Apple evaluating solar powered devices, but don't expect anything soon
Apple and Samsung are the two companies specifically said to be "evaluating" solar power for their consumer products, according to a report issued on Wednesday by DigiTimes. Both device makers are alleged to have considered including Taiwan-based solar power component makers in their supply chains.
But citing sources in the Taiwan solar component industry, the report said that the niche market needs more time to develop and expand. Mass production of organic photovoltaic cells is said to remain an issue, and higher efficiency products are still being tested in labs and are not ready for mass production.
"The number of solar cells used is less than rooftop solar systems, hence it is unlikely for solar-powered consumer products to form a solid market in the short term," the report said.
Samsung plans to release a solar-powered netbook, the NC215S, this August, a first for the company. The report said that the Samsung netbook utilizes a unique-sized solar cell.
A number of companies are said to be working on organic photovoltaic cells, which provide higher efficiency and are largely made with polyethylene terepthalate, or PET. America's Solarmer and Plextronics, the U.K.'s Konarka, and Japan's Mitsubishi Chemical are all said to be pursuing organic photovoltaic technology.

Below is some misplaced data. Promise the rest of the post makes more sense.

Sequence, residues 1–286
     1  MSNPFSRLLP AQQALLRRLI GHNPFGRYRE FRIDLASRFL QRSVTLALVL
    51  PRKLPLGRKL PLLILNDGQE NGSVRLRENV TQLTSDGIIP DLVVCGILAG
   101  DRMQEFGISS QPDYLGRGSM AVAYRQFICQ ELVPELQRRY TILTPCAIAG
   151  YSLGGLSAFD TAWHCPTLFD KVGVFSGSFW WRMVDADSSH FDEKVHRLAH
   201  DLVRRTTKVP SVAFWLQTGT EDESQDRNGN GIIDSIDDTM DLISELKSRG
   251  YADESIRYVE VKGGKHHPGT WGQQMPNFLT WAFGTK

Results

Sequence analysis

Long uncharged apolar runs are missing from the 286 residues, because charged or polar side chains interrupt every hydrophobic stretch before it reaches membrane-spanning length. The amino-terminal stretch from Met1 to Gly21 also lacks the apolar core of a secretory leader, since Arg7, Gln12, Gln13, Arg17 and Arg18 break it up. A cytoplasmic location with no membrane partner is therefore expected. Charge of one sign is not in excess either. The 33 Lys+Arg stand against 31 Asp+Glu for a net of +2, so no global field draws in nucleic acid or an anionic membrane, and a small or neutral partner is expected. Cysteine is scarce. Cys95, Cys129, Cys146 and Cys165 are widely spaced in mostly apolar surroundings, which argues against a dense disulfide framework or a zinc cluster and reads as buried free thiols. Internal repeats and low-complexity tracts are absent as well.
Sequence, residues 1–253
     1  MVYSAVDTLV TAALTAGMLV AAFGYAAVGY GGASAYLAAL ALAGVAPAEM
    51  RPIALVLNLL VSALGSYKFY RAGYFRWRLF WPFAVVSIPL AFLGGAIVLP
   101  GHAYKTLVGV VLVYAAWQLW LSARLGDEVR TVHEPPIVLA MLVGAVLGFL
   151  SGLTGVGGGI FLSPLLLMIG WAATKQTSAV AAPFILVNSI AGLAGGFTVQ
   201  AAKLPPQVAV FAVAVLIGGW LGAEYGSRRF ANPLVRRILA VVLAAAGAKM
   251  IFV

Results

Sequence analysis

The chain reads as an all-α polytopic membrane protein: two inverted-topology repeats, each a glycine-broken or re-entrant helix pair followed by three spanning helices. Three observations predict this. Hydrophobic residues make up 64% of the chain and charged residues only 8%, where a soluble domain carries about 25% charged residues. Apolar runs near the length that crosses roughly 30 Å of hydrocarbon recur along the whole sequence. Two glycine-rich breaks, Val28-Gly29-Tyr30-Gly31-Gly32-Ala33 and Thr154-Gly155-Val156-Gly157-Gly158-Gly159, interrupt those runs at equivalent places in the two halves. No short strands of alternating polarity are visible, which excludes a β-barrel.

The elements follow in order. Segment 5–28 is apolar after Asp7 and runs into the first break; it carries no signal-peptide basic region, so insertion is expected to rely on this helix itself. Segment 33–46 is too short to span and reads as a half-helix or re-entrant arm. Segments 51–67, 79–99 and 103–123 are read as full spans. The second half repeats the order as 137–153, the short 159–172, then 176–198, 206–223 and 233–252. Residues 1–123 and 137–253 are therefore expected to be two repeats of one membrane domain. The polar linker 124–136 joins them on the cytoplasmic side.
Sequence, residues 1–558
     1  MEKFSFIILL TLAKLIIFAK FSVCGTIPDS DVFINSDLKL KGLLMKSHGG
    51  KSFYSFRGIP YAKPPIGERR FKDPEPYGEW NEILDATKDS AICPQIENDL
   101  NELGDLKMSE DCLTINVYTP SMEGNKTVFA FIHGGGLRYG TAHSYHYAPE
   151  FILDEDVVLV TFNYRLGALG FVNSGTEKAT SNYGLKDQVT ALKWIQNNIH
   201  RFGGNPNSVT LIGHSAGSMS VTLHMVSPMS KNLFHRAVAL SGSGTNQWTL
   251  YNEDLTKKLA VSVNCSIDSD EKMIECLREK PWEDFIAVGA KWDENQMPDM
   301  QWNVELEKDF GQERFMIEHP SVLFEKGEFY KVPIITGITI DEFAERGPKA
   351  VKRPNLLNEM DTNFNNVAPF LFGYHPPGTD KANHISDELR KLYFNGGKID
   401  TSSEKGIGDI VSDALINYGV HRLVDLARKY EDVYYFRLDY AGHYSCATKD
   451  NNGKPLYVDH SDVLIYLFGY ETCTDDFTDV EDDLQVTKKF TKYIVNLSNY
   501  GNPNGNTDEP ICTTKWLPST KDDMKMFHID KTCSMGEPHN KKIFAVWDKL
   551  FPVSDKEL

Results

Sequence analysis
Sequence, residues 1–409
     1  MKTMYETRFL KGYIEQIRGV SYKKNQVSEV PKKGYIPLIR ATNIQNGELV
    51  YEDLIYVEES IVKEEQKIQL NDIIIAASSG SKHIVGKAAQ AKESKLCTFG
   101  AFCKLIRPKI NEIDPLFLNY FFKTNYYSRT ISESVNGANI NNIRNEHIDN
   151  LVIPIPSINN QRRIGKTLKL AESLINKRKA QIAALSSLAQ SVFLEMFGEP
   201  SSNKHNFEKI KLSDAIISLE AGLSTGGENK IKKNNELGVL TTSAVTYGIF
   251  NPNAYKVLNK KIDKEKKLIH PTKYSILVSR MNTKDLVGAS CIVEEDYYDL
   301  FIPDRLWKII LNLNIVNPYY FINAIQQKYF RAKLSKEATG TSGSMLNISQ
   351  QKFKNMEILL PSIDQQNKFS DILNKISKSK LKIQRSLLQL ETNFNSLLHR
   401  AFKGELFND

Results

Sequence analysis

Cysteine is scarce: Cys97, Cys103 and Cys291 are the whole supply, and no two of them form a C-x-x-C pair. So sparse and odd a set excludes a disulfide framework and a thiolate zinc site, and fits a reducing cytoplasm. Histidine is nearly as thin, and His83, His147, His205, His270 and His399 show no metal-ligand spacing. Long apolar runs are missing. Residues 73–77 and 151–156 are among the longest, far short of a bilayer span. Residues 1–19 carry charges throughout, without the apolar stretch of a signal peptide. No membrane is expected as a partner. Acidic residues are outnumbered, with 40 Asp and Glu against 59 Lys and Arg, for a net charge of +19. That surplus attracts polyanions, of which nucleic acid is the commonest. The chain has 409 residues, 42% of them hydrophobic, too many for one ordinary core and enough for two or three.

Researcher Richard Lunt shows off a transparent solar cell. Photo credit: MIT.
Over the years in numerous patent applications, Apple has shown interest in adopting solar power in its mobile devices. This January, one such filing described a device with an auxiliary solar cell that would serve as a secondary power source.
Another proposed invention showed an iPod with solar panels placed on both the front and back of the portable media player, giving a large surface area to collect more potential power. Apple's concept would build solar cells of rigid materials, allowing virtually the entire exterior of the device to be covered in solar cells.
And in 2008, the company presented a concept in which it would sandwich solar panels between the LCD and circuit board of a device. In this way, a product could collect energy through its display while maintaining the aesthetics and size of the product.